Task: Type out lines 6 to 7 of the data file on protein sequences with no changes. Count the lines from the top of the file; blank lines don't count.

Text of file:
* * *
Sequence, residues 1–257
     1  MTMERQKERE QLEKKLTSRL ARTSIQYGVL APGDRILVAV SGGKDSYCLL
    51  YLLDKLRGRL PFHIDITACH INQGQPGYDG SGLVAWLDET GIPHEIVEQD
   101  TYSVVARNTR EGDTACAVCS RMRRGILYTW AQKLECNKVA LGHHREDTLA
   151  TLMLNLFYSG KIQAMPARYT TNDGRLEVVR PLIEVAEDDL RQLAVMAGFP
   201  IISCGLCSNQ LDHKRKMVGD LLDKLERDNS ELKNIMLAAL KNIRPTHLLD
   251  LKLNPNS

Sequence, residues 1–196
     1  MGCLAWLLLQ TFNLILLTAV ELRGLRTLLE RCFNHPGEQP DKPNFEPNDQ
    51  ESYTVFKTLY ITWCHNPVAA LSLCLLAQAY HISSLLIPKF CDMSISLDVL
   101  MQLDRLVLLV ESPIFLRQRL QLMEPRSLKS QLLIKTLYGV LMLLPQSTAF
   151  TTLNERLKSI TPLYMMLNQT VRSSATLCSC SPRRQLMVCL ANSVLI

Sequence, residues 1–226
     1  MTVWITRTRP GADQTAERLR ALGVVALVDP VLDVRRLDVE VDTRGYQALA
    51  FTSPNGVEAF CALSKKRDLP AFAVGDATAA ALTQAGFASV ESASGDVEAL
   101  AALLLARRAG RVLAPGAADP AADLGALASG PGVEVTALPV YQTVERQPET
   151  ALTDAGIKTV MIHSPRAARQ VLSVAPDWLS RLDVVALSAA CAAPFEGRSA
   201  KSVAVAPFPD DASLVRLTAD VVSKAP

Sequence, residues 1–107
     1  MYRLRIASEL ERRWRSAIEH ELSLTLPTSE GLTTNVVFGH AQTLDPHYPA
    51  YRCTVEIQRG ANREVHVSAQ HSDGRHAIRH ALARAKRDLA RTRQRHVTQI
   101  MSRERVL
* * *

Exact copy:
   201  IISCGLCSNQ LDHKRKMVGD LLDKLERDNS ELKNIMLAAL KNIRPTHLLD
   251  LKLNPNS